You need your air conditioning system more than ever when temperatures skyrocket. Air conditioner manufacturers design their systems for these moments, so a well-maintained air conditioner should weather even unseasonably warm temperatures without too much issue. However, systems with underlying problems can sometimes buckle under stress.
Many homeowners discover problems with their AC systems during intense heat waves because the symptoms may have been less noticeable during milder weather. In other cases, the strain of operating for longer periods may have finally pushed a failing component over the edge. Whatever the case, you will want to watch for these three potential issues next time extreme heat strikes your area.
1. Blown Capacitors
Blown capacitors are one of the most stereotypical failure points for air conditioners during heat waves. This issue is so common that you'll often find plenty of do-it-yourself advice recommending capacitor replacements. Your AC's capacitor provides the initial "jump" necessary to start your compressor, and they do commonly fail, but unthinkingly replacing one isn't always the best option.
If your air conditioner struggles to start or won't start, the capacitor may be to blame. Excessive heat can finish off a failing capacitor, but other issues can also cause these symptoms. Unless you have the electrical skills to test and diagnose your capacitor, you should leave diagnosing and conducting this repair to an HVAC professional.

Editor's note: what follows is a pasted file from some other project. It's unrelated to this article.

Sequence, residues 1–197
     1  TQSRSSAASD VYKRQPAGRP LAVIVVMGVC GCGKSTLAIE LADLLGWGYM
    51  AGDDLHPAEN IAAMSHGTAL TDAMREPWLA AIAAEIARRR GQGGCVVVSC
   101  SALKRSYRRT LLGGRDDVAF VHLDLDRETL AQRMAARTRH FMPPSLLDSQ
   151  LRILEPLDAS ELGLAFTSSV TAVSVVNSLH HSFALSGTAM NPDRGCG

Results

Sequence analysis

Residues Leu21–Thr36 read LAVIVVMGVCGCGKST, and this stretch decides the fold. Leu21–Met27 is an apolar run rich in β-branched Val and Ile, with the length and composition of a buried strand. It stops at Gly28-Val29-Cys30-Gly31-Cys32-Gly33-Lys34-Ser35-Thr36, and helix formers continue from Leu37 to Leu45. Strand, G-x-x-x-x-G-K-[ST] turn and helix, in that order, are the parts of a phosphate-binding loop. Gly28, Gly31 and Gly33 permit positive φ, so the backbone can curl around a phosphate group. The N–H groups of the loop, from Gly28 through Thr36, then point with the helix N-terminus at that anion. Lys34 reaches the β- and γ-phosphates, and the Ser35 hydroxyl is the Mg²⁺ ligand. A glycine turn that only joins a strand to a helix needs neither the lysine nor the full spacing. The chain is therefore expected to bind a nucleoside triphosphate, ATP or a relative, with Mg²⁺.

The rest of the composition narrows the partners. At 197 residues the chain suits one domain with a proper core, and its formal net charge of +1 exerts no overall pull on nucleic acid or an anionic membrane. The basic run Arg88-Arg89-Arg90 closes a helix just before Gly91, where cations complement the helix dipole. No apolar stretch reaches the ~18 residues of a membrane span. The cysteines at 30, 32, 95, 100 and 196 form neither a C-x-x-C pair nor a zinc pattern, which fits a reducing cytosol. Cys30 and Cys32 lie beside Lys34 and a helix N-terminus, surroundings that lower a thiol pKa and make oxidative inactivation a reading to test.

2. Frozen Evaporator Coils
The evaporator coil absorbs heat from the air in your home, producing condensation (and reducing humidity) in the process. Under normal conditions, the temperature at the evaporator remains above freezing, and the condensation drips into a drainage system. Refrigerant pressure problems, either from leaks or restrictions, can reduce evaporator pressure temperatures to below freezing.
Low temperatures will cause ice to form on the coils, which can interfere with system efficiency and cause your air conditioner to short cycle. You might not notice these symptoms in mild weather because there may be enough time between cycles for the system to thaw. On the other hand, high temperatures may cause your system to run long enough to freeze the coils and trigger a shutdown.
3. Increased Maintenance Frequency
While not strictly a repair issue, heat waves can increase the necessary maintenance frequency for your air conditioner and potentially lead to major repairs if you don't stay on top of these added requirements. Since your system must run more often, dirt and debris will build up more quickly on your filter, condenser coils, and evaporator coils.
An annual service visit can help avoid these issues, but you'll also want to check and change your filter more often if you're using your air conditioner more frequently than normal. You should also consider calling an HVAC technician any time you notice a change in your system's behavior since it can often be difficult to tell the difference between a maintenance issue and a problem requiring immediate repair.
For more information on AC repair, contact a professional near you.